Bruins notes: Missed calls benefit Rangers

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Bruins notes: Missed calls benefit Rangers

By Joe Haggerty
CSNNE.com

BOSTON Claude Julien was the vision of an irate hockey coach in the first period after the New York Rangers scored the only goal of Saturday afternoons matinee at TD Garden, and he had good reason.

Derek Stepan made a nice tip off a Mike Sauer point shot to get a puck past Tuukka Rask, and give the Rangers a 1-0 lead they would protect for more than two periods of defensive hockey; but it never should have happened.

First Marian Gaborik was clearly off-sides entering the Boston zone with slightly more than six minutes gone in the first period, but it went unrecognized by the linesman, and a shot on net resulted in a face-off within the Bs defensive area.

This time Vinny Prospal cheated the draw, and jumped into the face-off circle early on a busted play that led to Sauers blast from the point that Stepan tipped home for his 20th goal of the season. With both teams within the NHLs top five in goals against average (the Bruins are third with 2.34 GAA and the Rangers are right behind in fifth with a 2.37 GAA), Julien knew that the goal was a big game-changer that early in the game, and was rightfully indignant at two major miscalls in a row.

Julien explained it in golfing terms, but its pretty clear he wasnt about to extend any golf clap courtesies for a refereeing crew that didnt have their sharpest afternoon.

It was a missed off-sides, but they make mistakes, said Julien. But then the guy jumps in and the guy who passed it to the point was obviously in and it should have been blown down. So, that one point, you know? Theres one mulligan but I didnt feel that they needed two.

Despite the bad calls, the Bs coach wasnt about to absolve his players for deciding not to show up until five minutes remained in the third period, however, and Julien intimated that his team was simply too soft on the puck against a big, strong, physical Rangers squad.

It took us a while to get going. I thought that the other team played a pretty solid game, said Julien in summarizing the game. They were strong on the puck, they were solid, they were gritty, and we were a little light on our sticks there for the first 40 minutes. That kind of put us in a bad situation and in the third period it was too little too late.

The Bruins missed an opportunity to clinch a playoff spot when they dropped the game to the Rangers as the Carolina Hurricanes lost their game on Saturday as well so the Bs will clinch a playoff spot with their next victory that can come as quickly as Sunday night against the Philadelphia Flyers.

Mark Recchis next point would tie him with Paul Coffey for 12th on the NHL's career scoring list. Recchi had been credited with an assist in Thursdays win over the Canadiens that was taken away by a scorer's change after the game.

The line of Milan Lucic, Nathan Horton and David Krejci had zero shots on net through the first two periods of play against the New York Rangers, and finished with only two shots on net in a rare off night for the Bs top line. Krejci, in particular, seemed to be having a tough time finding room to operate with the puck in the offensive zone, and really never made any adjustments in creating against the very physical Rangers defensive unit.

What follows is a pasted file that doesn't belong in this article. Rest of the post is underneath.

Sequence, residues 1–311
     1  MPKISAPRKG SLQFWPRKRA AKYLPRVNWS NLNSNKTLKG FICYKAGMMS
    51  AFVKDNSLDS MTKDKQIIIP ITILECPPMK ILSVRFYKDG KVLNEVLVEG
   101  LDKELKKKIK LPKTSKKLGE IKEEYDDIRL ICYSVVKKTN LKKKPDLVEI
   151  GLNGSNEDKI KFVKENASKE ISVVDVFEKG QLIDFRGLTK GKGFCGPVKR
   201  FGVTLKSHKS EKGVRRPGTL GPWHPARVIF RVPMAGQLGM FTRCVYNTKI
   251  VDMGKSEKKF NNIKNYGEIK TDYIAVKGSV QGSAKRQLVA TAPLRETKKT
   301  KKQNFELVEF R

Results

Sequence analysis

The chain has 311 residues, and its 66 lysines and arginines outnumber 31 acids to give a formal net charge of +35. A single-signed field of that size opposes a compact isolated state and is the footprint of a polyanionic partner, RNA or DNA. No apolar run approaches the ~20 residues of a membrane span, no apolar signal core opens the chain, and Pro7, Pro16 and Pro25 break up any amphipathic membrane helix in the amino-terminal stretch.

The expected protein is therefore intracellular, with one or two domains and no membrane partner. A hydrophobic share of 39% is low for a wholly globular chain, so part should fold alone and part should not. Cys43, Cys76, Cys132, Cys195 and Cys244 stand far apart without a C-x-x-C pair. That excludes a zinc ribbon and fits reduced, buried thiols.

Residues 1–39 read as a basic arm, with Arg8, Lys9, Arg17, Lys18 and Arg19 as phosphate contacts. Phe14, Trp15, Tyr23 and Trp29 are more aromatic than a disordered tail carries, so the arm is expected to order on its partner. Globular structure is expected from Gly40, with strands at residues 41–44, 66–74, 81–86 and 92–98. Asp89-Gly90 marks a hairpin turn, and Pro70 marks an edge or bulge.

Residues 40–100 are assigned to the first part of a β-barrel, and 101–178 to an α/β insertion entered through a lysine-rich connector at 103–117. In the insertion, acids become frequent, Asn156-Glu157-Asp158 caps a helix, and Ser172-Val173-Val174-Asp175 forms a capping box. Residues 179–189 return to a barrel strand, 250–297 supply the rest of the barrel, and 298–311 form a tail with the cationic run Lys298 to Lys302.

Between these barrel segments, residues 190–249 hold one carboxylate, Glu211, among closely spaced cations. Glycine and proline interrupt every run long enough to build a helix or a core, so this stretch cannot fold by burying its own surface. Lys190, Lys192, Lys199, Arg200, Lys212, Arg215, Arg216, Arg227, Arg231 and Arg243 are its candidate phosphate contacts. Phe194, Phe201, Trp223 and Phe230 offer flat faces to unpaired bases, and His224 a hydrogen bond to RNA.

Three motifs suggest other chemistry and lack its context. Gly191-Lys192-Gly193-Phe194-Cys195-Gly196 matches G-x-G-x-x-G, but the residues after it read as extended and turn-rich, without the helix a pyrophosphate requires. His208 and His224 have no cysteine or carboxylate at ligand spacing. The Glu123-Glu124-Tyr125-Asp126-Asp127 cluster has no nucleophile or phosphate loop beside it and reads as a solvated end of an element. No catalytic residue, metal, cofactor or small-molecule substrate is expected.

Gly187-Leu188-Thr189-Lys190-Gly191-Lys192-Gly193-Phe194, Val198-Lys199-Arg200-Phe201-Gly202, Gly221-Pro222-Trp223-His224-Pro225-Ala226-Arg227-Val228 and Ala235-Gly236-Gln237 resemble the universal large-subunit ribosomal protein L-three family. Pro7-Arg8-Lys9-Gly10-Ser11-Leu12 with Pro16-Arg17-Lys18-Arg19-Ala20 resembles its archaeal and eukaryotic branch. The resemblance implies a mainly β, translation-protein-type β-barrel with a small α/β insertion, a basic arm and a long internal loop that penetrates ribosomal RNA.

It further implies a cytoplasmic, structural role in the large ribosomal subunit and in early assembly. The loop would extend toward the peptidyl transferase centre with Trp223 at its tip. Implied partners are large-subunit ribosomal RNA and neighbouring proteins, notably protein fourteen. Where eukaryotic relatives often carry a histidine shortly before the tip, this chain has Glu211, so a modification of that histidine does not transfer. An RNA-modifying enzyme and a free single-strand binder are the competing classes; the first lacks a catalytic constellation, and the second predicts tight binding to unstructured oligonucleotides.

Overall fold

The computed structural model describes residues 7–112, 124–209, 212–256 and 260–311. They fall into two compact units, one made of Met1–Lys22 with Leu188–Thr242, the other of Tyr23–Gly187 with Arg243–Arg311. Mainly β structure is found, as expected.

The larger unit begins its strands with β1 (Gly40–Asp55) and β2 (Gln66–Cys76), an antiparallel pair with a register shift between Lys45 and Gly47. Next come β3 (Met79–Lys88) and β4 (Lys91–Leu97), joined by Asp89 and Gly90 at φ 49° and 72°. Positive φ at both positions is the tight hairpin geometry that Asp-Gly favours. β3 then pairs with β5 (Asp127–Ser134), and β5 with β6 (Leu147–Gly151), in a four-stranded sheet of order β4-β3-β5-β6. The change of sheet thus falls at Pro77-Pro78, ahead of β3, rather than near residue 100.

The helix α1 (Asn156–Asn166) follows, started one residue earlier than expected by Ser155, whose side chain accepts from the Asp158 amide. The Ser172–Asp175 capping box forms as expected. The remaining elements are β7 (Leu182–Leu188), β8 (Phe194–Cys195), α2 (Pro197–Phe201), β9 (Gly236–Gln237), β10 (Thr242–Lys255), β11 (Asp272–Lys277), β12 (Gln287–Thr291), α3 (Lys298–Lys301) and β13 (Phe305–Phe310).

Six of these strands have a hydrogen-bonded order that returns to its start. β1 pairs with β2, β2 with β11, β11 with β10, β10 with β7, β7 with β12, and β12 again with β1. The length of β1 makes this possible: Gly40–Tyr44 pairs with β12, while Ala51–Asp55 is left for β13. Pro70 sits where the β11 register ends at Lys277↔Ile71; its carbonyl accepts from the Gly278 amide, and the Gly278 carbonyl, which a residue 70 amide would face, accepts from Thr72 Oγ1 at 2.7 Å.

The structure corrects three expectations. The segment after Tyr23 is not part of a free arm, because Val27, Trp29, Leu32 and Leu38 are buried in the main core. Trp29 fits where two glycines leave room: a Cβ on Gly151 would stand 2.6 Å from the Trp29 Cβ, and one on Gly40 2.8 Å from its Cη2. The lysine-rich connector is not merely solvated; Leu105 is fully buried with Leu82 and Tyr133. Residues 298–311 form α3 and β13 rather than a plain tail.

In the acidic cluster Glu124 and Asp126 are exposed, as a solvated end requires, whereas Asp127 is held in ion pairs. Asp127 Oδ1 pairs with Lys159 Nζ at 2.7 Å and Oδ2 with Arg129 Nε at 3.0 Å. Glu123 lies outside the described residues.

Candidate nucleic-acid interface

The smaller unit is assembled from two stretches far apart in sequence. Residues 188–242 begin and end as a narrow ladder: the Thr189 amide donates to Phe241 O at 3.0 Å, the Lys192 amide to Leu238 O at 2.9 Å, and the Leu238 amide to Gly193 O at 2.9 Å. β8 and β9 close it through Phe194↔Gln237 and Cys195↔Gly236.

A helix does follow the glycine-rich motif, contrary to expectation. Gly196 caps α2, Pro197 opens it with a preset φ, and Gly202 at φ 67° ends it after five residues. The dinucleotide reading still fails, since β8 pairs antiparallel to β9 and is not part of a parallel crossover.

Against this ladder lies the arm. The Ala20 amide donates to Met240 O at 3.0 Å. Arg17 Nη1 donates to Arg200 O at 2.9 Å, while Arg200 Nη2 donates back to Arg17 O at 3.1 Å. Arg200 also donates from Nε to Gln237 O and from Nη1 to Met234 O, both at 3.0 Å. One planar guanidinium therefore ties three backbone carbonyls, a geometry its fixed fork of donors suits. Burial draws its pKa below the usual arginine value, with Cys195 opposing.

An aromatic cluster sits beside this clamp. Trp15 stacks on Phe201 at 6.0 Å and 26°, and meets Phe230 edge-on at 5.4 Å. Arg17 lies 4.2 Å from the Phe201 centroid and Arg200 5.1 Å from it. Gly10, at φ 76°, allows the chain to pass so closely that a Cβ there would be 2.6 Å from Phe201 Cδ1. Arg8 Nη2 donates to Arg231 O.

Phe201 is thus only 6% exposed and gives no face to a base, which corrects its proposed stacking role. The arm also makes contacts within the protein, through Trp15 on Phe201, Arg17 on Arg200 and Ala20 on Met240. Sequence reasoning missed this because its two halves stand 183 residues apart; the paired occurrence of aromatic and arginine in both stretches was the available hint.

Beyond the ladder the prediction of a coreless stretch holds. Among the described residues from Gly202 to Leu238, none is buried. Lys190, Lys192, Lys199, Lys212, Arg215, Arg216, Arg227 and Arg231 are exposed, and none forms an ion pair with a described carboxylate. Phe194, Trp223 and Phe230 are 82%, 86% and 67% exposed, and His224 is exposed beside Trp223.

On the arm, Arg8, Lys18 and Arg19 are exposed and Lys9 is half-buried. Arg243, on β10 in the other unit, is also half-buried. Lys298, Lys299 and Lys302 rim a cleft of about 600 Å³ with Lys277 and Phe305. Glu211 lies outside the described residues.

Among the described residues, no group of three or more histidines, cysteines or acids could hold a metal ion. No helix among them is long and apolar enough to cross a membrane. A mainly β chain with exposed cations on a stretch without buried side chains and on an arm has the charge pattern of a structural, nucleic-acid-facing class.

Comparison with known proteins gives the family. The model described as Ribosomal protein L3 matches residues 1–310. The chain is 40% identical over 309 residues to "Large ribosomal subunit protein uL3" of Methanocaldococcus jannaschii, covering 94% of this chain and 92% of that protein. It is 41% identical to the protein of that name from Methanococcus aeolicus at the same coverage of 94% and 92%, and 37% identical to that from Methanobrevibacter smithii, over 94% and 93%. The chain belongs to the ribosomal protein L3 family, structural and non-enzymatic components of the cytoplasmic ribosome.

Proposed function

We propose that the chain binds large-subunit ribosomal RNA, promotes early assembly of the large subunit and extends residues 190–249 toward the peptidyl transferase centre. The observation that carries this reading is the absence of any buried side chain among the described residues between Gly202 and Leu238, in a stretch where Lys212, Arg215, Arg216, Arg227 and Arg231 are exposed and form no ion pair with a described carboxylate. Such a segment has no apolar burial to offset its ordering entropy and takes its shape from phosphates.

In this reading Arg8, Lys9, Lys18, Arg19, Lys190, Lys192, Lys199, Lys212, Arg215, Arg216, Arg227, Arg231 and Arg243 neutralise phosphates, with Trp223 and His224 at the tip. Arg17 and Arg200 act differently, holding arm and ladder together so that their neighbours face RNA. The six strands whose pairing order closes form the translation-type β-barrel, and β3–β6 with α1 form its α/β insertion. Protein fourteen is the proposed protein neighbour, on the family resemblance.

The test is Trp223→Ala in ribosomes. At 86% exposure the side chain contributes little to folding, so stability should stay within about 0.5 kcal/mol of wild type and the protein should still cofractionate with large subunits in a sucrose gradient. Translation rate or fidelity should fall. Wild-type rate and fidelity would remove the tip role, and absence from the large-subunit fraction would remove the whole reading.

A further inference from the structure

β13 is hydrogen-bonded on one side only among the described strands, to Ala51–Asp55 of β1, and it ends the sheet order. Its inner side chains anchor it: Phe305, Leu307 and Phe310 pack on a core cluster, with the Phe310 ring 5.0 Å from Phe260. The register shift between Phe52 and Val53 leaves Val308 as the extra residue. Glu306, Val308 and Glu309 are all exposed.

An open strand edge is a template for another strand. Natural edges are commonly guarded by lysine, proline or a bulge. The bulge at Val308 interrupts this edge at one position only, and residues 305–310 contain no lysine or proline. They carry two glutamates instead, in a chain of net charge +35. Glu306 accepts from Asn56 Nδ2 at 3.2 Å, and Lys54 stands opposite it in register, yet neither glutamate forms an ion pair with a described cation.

I think its that we didnt get pucks in deep and we didnt get our feet going early enough. Thats where we had success the last couple games, said Julien. So we forced a lot of things and consequently our top line didnt have a shot after two periods. And you know that when those kinds of things happen, were not doing the things that we should be doing.

Tuukka Rask earned the No. 3 star in the loss to the Rangers, and very nearly matched Henrik Lundqvist save-for-save in a performance thats dropped him to 5-2-1 over his last eight games, and makes it a bit more unlikely that the 23-year-old is going to push his personal record over the .500 mark this season.

Despite all that, Rask finished with 23 saves and stopped everything aside from the Derek Stepan tipped puck in the first period.

I think hes been pretty good lately. I think Tuukkas played pretty solid hockey for us in the last month, said Julien. Its been refreshing I think for everybody, including himself, and we can move forward here knowing that we got two goaltenders that can do the job for us.

The Bruins recognized legendary radio announcer Bob Wilson on Saturday afternoon with a ceremonial puck drop prior to the game, and the unveiling of a plaque dedicating the TD Garden home radio booth on the 9th floor in his name. Wilson was the radio voice of the Bs during the Stanley Cup teams of the 1970s captained by Bobby Orr, and has retired in recent years to New Hampshire where he continues to watch Bs hockey on a regular basis.

The Stanley Cup in1972 was certainly a highlight of my career and its the last Stanley Cup goal that the Bruins scored, said Wilson. It was interesting, Phil Esposito told me after the game that Bobby Orr came up to him on that final face-off with about 20 seconds, 30 seconds left in the game and he said Get the puck to me an Ill kill it off.

That was Bobby talking to Phil. Get it to me and Ill take care of the rest. It was an exciting time and the welcome at Logan Airport in the middle of the nightthat was fun.

Joe Haggerty can be reached at jhaggerty@comcastsportsnet.com. Follow Joe on Twitter at http:twitter.comHackswithHaggs

Sunday, Sept. 25: Has Connolly found home with Caps?

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Sunday, Sept. 25: Has Connolly found home with Caps?

Here are all the links from around the hockey world, and what I’m reading, while wondering what a crap shot this Presidential debate is going to be on Monday night.

*Brett Connolly has hooked on with the Washington Capitals, and the Caps hope they’ve found a “gem” in the former Bruins winger.

*John Tortorella is putting his Blue Jackets through an absolute boot camp thus far in Columbus. Bold strategy…I wonder how this will play out.

*The Pittsburgh Penguins appreciate the gifts of defenseman Kris Letang, even if Team Canada didn’t for the World Cup.